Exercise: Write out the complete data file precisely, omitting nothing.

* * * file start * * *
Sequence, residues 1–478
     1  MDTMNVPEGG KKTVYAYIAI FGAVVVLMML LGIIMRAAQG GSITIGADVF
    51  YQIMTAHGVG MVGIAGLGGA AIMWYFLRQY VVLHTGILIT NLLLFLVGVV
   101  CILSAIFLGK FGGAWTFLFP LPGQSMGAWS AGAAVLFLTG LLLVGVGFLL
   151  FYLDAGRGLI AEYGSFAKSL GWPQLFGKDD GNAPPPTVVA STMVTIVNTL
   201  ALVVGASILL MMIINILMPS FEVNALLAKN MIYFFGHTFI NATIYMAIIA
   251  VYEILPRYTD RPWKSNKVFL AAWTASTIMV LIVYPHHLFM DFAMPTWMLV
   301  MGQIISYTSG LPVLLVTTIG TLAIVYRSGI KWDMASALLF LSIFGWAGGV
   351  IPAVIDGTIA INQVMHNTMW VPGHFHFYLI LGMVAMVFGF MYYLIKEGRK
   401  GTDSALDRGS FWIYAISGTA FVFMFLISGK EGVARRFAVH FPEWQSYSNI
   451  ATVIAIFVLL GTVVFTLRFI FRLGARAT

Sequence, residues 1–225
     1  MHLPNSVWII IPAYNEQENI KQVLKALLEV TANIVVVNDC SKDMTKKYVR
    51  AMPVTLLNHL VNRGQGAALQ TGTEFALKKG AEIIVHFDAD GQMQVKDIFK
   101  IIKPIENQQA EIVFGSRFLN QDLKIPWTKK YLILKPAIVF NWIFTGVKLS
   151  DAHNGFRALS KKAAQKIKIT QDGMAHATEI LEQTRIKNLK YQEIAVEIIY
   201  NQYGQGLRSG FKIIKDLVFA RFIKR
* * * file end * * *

Sequence, residues 1–478
     1  MDTMNVPEGG KKTVYAYIAI FGAVVVLMML LGIIMRAAQG GSITIGADVF
    51  YQIMTAHGVG MVGIAGLGGA AIMWYFLRQY VVLHTGILIT NLLLFLVGVV
   101  CILSAIFLGK FGGAWTFLFP LPGQSMGAWS AGAAVLFLTG LLLVGVGFLL
   151  FYLDAGRGLI AEYGSFAKSL GWPQLFGKDD GNAPPPTVVA STMVTIVNTL
   201  ALVVGASILL MMIINILMPS FEVNALLAKN MIYFFGHTFI NATIYMAIIA
   251  VYEILPRYTD RPWKSNKVFL AAWTASTIMV LIVYPHHLFM DFAMPTWMLV
   301  MGQIISYTSG LPVLLVTTIG TLAIVYRSGI KWDMASALLF LSIFGWAGGV
   351  IPAVIDGTIA INQVMHNTMW VPGHFHFYLI LGMVAMVFGF MYYLIKEGRK
   401  GTDSALDRGS FWIYAISGTA FVFMFLISGK EGVARRFAVH FPEWQSYSNI
   451  ATVIAIFVLL GTVVFTLRFI FRLGARAT

Sequence, residues 1–225
     1  MHLPNSVWII IPAYNEQENI KQVLKALLEV TANIVVVNDC SKDMTKKYVR
    51  AMPVTLLNHL VNRGQGAALQ TGTEFALKKG AEIIVHFDAD GQMQVKDIFK
   101  IIKPIENQQA EIVFGSRFLN QDLKIPWTKK YLILKPAIVF NWIFTGVKLS
   151  DAHNGFRALS KKAAQKIKIT QDGMAHATEI LEQTRIKNLK YQEIAVEIIY
   201  NQYGQGLRSG FKIIKDLVFA RFIKR